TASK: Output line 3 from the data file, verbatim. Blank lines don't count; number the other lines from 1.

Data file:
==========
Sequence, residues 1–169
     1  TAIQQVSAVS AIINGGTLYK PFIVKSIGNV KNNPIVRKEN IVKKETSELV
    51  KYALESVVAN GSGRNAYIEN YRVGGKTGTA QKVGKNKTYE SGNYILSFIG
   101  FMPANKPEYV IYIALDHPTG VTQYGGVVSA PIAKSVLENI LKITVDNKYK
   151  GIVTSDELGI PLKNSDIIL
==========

    51  KYALESVVAN GSGRNAYIEN YRVGGKTGTA QKVGKNKTYE SGNYILSFIG